Portland, Ore. Before going to bed, Colleen Rice put her ever-present oxygen tank aside and played cards with her grandchildren.
The next morning, she gathered her husband, two adult children and friends around her. She kissed them and told them she loved them, then drank a glass of lethal drugs dissolved in water.
Within minutes, the 67-year-old cancer patient stopped breathing, quietly becoming one of more than 90 Oregon residents to use the state's Death with Dignity law since voters approved it in 1997.
A year after Rice's death, the assisted-suicide law has become the center of a battle of wills between Oregon, the only state that lets physicians help to hasten the deaths of terminally ill patients, and the Bush administration, which opposes the practice.
Last month, U.S. Atty. Gen. John Ashcroft said the federal government would suspend or revoke the licenses of doctors who prescribe federally controlled drugs to patients who want to use them to die. A federal judge has temporarily blocked enforcement of Ashcroft's decision.
The law requires that before a lethal dose of drugs is supplied to a terminally ill patient, two doctors must agree that the patient has fewer than six months to live, has voluntarily chosen to die and is capable of making health-care decisions.
Rice's husband, Scott, and daughter Catherine Paul say they have become vocal advocates because that's what she would have wanted.
"If her ghost could show up, she'd be carrying a sign up on the hill in Washington saying 'How dare you?"' Paul said. "My mother was a fighter. She'd be fighting for it."
Critics say the law runs counter to medical ethics.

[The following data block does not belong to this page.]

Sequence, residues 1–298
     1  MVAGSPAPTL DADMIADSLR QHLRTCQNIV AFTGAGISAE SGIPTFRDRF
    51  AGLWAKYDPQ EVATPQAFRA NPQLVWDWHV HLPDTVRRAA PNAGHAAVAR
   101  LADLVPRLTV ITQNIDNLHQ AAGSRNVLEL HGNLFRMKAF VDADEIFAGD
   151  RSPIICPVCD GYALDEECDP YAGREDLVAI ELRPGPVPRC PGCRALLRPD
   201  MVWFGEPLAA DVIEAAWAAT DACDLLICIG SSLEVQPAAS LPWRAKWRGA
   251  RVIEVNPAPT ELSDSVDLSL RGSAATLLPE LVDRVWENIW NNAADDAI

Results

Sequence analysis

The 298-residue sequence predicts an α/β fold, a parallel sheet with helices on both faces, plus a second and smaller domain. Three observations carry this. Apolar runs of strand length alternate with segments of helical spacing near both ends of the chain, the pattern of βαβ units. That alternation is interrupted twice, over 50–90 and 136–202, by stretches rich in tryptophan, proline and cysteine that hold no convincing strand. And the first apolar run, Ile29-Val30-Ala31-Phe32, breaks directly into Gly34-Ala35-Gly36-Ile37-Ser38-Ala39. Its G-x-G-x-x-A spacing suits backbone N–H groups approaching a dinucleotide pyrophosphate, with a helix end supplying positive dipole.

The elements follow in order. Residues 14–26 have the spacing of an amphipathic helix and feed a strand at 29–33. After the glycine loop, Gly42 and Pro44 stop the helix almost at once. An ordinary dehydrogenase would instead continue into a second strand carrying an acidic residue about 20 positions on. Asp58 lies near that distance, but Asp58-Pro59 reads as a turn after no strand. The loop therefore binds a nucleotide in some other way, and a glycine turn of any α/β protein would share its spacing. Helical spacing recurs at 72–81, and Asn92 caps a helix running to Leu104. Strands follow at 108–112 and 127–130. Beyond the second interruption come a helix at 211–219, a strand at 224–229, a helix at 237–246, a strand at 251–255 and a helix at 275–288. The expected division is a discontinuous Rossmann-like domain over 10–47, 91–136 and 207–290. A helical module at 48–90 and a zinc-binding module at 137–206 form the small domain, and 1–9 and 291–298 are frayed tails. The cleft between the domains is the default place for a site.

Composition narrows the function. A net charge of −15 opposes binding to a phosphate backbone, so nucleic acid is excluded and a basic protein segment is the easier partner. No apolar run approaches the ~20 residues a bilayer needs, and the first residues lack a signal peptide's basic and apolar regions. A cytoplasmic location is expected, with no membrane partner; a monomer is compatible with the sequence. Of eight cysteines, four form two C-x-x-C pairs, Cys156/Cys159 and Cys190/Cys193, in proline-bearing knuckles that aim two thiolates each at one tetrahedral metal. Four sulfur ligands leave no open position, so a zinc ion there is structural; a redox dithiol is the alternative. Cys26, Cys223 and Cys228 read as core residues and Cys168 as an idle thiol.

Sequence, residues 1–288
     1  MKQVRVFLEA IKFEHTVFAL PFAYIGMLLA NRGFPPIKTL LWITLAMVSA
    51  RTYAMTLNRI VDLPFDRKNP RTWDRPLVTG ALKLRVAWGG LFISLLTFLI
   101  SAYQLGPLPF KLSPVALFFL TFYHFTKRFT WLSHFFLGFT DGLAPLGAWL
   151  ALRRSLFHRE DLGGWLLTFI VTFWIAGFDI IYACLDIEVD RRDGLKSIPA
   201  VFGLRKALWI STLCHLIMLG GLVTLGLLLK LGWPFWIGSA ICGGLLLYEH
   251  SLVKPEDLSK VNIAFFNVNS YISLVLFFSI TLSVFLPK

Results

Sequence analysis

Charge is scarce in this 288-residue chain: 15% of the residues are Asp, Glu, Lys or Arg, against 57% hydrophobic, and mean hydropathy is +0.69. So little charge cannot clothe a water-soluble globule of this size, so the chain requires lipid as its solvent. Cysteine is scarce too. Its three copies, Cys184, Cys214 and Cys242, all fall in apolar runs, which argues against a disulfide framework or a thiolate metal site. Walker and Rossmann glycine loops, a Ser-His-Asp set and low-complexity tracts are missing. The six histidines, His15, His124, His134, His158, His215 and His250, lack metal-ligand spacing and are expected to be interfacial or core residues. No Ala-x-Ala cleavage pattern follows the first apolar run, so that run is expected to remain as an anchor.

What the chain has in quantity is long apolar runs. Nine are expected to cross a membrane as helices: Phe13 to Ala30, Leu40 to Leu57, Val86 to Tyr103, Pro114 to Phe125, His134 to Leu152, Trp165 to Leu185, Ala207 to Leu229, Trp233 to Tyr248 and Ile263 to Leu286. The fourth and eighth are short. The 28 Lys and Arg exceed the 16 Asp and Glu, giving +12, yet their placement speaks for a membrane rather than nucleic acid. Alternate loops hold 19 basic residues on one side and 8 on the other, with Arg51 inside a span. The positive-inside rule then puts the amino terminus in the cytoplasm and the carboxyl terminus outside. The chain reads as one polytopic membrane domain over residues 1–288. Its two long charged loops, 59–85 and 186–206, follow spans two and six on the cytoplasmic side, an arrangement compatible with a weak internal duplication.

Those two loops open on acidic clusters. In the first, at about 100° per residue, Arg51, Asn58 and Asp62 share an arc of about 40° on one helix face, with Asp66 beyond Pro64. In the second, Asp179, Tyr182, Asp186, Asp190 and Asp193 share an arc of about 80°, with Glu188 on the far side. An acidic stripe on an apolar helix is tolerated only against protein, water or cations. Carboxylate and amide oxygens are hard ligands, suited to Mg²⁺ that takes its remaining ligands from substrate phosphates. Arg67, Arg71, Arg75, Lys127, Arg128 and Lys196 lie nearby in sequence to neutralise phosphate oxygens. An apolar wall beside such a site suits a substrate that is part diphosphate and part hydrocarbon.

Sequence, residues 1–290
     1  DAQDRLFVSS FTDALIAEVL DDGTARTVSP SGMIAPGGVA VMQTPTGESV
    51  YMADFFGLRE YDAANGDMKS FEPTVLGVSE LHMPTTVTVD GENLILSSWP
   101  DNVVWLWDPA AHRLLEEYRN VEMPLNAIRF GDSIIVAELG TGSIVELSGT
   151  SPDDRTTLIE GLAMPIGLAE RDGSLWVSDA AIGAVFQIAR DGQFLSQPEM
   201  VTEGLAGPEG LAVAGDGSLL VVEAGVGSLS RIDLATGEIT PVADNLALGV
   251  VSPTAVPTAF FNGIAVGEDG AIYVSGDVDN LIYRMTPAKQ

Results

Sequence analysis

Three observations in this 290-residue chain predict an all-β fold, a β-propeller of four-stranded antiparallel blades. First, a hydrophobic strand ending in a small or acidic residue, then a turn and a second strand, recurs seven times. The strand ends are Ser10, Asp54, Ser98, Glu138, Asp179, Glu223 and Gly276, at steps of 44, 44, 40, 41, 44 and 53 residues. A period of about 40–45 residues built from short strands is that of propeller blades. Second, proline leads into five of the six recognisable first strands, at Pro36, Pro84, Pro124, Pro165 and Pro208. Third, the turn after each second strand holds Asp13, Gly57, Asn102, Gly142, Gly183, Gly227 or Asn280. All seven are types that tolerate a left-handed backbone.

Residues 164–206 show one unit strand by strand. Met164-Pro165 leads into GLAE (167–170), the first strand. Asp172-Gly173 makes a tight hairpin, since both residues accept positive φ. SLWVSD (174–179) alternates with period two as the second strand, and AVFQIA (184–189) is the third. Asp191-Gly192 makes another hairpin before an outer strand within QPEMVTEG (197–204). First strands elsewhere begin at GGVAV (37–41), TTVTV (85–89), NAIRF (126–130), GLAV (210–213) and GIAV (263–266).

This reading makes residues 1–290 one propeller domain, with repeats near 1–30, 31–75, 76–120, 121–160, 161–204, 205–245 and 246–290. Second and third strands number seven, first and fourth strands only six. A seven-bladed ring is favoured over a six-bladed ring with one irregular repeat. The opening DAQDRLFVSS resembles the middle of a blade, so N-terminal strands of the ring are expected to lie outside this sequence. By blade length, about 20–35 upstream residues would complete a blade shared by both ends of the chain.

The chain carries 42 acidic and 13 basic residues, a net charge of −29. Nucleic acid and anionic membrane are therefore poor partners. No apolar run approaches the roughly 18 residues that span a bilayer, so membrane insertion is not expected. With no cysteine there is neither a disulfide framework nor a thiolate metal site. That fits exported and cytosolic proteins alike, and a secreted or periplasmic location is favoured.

"Federally controlled substances should not be used to kill people," said Dr. William Petty of Physicians for Compassionate Care, a group of doctors and others who oppose the law. He believes physicians and patients should focus on end-of-life care and pain management.
Others say the assisted-suicide law could lead to terminally ill people hastening their deaths to spare relatives the cost of months of expensive medical care.
But the state insists that terminally ill patients have the right to decide the circumstances and time of their own deaths.
And so do Oregon's voters; the law has been approved by a majority twice.
Behind all the legal wrangling and ideological posturing, Colleen Rice's relatives say they don't want the human story to be forgotten.
They didn't want to lose her any earlier than they had to, but they accepted her choice to die on her own terms.
"Nobody forced anyone to do anything. It was her decision," said Paul, who supported her mother's choice but had to force herself to stay in the room when she died.
Colleen Rice initially thought she had worsening asthma, but a CAT scan revealed she had advanced lung cancer. The tumor was inoperable and was leaking fluid into the lung, making breathing nearly impossible. Rice loved to laugh, but doing that caused pain not even morphine could dull.
About a month after the diagnosis, a specialist told Scott and Colleen Rice: "If you have anything to finish, do it now."
There were many projects to complete. Colleen Rice had been an active woman a writer, an actress, a businesswoman.
The family raced to edit a historical book she'd been writing, "In the Midst of Darkness." The first copies rolled off the press two weeks after she died. She had signed labels for people who might want an autographed copy.
"She became very focused," Scott Rice said. "She thought, I have some strength and I know there are things I need to do."
That included making use of the assisted-suicide law.
"Years ago, before any of this happened, she would say, 'I don't want to suffer,"' Scott Rice said. "She had a fear of drowning. ... You know, with lung cancer, it's going to be something very close to that."